During Training Camp, we kept hearing and reading stories that Jordan Palmer was impressive enough that conversation started warming up about the backup quarterback position. While Jordan was impressive, J.T. O'Sullivan was spotty and inconsistent. Clearly it was a growing question in coaches' minds, allowing Jordan to take snaps with the first team offense Thursday night against the New England Patriots -- on his first pass of the game, Jordan completed a 35-yard pass to Chad Ochocinco Johnson, who shaked off a tackle and outran linebacker Tedy Bruschi down the left sidelines.
Here's the most simple of stats to show who's leading the edge in the battle. The Bengals have scored only 14 points this preseason. Twelve of those points came from O'Sullivan's arm, who has yet to throw a pick, sporting a 136.3 passer rating. (Note, twelve of those points have also come from the hands of Chris Henry.) Much of O'Sullivan's performance against the Saints is a mixture of first and second team defensive players. On Thursday, arguably against a better defense, O'Sullivan was even better, in terms of passer rating.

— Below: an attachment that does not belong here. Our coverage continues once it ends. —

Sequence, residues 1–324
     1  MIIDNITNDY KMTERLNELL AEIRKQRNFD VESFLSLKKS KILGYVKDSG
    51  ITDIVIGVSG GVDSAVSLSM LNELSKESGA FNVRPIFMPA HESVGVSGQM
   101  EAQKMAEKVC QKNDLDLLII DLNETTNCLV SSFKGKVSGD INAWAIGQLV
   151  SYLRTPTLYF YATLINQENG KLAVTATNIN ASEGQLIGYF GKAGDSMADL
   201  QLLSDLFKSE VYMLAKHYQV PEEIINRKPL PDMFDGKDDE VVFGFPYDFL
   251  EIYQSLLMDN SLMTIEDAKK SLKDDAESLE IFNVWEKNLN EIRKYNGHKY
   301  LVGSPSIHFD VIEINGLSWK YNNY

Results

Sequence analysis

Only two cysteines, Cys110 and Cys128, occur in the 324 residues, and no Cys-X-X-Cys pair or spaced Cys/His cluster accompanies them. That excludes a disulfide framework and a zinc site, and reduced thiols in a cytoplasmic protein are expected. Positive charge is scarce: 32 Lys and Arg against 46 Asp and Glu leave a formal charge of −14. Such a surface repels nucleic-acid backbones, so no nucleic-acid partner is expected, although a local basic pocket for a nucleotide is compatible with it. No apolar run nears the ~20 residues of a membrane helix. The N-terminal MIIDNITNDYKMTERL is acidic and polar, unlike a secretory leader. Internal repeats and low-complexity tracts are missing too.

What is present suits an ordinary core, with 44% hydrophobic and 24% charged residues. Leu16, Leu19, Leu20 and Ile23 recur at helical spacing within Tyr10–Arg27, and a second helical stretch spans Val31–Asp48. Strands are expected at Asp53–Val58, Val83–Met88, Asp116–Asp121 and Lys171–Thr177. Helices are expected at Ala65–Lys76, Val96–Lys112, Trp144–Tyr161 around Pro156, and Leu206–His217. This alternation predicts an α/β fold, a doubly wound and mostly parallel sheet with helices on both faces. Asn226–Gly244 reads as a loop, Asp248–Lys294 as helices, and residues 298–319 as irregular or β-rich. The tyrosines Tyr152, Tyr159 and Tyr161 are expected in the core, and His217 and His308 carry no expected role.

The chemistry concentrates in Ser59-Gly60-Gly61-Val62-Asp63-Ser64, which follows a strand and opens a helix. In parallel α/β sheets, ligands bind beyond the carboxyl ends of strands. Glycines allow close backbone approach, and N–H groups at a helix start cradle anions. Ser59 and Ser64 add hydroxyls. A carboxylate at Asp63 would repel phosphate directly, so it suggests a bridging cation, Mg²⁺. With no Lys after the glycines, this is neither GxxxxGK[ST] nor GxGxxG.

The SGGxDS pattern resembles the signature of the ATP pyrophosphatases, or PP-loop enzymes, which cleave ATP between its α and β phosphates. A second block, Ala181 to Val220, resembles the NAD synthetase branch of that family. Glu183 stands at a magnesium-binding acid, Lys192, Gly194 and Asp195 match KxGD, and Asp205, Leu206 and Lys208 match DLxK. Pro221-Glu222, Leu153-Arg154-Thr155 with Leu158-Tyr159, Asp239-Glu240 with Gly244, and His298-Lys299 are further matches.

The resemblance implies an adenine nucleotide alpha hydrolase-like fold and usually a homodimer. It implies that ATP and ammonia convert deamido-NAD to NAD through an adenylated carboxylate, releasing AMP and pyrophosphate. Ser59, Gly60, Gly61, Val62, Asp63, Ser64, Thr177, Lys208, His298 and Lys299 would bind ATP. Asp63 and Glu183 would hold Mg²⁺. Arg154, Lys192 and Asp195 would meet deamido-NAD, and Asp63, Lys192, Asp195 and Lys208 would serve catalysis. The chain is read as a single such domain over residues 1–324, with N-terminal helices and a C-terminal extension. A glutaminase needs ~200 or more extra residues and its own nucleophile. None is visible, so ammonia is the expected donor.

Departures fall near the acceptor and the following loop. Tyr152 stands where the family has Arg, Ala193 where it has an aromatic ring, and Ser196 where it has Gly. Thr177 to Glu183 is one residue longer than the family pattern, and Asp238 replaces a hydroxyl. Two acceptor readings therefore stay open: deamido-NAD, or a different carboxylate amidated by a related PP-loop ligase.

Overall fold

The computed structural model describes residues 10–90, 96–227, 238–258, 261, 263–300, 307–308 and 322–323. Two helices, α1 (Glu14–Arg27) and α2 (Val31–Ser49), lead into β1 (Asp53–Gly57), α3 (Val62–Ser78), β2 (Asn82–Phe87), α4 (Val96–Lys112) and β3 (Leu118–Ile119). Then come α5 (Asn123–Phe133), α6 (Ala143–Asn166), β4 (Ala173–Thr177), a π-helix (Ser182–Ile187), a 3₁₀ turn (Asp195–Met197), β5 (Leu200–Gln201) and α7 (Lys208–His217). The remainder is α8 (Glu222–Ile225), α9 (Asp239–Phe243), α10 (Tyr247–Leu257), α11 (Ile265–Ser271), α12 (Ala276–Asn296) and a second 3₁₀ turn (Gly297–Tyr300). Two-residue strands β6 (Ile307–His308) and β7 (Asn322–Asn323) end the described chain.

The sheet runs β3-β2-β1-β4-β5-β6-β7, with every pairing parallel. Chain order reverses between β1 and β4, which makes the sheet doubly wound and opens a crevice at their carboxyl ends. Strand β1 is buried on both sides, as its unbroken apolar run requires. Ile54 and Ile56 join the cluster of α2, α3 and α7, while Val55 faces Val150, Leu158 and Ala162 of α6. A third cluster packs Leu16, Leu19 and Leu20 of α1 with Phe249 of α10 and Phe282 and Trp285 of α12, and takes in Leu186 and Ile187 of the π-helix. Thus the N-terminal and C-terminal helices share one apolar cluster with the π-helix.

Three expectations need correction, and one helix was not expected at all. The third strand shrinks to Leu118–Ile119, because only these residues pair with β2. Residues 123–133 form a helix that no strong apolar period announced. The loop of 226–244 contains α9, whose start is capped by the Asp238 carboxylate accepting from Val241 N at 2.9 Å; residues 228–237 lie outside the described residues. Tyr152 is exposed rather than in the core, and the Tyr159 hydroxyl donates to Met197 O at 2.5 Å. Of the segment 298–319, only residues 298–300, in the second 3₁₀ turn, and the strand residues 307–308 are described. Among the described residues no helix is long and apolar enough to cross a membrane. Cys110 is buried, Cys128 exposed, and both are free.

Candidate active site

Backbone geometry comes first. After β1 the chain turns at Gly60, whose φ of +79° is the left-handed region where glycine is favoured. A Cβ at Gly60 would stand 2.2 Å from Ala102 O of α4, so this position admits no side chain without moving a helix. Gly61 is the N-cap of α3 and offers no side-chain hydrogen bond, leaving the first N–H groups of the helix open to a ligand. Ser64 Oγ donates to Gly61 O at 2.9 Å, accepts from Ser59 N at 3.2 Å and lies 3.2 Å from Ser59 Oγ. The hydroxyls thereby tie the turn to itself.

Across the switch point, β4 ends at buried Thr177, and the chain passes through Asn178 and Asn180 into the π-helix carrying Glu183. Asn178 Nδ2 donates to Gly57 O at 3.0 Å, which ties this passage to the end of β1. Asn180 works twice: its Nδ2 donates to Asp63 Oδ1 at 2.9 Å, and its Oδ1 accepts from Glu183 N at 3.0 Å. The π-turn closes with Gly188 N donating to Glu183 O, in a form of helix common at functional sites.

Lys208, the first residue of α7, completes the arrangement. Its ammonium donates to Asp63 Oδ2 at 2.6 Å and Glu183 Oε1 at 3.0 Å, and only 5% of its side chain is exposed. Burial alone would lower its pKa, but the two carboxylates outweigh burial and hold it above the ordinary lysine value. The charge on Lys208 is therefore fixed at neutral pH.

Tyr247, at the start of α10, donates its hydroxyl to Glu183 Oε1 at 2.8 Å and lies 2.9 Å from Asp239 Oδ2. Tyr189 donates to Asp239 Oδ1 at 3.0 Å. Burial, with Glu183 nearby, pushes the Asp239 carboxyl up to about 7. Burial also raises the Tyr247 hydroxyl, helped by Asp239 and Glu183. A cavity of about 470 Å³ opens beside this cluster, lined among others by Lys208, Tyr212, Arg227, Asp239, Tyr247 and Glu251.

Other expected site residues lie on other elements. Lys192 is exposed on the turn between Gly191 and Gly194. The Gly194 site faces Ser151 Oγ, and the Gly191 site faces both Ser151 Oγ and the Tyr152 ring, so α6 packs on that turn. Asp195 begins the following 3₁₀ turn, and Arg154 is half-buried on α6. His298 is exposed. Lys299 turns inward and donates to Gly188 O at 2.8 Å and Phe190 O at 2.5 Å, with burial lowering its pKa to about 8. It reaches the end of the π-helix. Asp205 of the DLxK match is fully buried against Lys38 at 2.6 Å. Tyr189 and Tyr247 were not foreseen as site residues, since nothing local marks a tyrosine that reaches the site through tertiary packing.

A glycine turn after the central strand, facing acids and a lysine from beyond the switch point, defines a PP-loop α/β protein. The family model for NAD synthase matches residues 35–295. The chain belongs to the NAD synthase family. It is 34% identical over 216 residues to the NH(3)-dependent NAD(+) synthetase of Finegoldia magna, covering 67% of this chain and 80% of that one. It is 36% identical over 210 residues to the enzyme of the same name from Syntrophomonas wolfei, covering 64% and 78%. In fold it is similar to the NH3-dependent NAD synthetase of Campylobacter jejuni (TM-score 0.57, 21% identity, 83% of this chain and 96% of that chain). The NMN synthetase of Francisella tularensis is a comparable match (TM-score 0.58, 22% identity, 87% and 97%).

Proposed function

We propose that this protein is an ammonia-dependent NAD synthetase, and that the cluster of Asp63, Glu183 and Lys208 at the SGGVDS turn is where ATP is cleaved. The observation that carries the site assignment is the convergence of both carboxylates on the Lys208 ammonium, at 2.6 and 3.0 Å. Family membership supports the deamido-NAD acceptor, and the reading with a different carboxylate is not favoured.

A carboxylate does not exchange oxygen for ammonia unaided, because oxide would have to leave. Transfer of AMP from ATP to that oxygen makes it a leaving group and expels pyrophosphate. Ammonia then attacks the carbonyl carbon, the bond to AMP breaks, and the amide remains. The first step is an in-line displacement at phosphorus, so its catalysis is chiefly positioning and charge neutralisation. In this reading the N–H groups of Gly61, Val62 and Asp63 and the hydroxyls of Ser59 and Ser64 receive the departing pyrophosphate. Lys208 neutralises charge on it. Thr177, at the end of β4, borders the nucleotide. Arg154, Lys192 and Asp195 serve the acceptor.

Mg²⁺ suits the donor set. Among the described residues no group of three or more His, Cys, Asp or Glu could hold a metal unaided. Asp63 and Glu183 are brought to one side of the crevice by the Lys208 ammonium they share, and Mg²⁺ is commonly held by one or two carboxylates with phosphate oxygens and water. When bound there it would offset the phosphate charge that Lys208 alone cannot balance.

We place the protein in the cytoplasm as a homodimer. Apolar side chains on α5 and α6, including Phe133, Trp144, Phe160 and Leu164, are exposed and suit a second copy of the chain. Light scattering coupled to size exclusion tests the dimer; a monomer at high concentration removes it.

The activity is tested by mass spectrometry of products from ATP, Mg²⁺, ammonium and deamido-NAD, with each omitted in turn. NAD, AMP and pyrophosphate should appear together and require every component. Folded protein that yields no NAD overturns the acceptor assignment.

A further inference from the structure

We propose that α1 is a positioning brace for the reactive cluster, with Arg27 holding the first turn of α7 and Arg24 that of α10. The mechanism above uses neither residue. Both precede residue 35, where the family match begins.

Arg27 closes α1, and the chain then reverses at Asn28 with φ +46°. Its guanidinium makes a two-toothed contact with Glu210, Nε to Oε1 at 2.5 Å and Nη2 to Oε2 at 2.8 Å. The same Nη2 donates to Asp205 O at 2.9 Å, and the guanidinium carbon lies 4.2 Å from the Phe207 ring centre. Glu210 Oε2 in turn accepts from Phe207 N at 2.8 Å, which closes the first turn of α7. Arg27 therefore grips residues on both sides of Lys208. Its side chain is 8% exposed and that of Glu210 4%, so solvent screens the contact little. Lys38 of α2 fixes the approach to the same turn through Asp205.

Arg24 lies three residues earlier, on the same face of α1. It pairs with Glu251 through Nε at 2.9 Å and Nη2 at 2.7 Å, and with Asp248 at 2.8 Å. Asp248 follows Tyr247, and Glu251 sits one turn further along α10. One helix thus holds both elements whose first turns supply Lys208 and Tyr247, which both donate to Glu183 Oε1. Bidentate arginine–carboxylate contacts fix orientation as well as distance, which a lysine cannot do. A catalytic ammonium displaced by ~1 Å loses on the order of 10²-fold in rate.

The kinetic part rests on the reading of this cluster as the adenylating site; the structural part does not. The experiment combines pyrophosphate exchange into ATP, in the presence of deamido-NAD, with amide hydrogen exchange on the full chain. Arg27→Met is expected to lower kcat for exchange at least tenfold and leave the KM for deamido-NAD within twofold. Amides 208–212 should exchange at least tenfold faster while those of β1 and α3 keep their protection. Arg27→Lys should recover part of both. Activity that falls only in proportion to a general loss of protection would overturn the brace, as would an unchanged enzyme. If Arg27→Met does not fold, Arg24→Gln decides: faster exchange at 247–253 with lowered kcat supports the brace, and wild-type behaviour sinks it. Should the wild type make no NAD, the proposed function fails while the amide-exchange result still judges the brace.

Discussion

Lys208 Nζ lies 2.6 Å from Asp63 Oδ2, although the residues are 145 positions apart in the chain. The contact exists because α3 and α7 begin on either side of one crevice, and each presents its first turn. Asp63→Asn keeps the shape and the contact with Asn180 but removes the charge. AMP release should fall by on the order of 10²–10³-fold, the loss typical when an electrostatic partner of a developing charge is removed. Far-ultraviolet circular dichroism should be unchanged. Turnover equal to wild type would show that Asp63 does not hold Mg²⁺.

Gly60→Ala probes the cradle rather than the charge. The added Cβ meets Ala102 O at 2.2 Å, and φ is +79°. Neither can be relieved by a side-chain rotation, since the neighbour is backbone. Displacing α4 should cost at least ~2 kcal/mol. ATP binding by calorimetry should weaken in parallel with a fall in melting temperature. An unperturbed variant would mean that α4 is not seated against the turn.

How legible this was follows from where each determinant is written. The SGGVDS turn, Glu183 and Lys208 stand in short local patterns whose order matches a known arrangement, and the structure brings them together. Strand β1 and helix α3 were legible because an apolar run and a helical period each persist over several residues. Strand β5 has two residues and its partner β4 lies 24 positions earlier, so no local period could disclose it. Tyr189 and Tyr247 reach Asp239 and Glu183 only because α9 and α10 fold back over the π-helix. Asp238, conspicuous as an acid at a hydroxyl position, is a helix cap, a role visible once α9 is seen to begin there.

|@ New Orleans||9||11||81.8||100||1||0||134.8|
|@ New England||10||13||76.9||141||1||0||137.0|
In fairness to Jordan Palmer, against the Patriots, the Bengals clearly decided to rush the ball in a three-to-one rush-to-pass ratio with only four pass attempts in the fourth quarter.
|@ New Orleans||7||11||63.6||59||0||1||39.6|
|@ New England||2||7||28.6||45||0||0||53.9|
While you could call foul on Palmer's playing time, you can't fault the way O'Sullivan is passing the football. Is he worth the topic of conversation of the team's starting quarterback? C'mon. You know me way better than that. I'm the guy that calls Carson Palmer "God of the Golden Arm." But is he, through the first two preseason games, clearly the choice as the team's backup quarterback? Yea.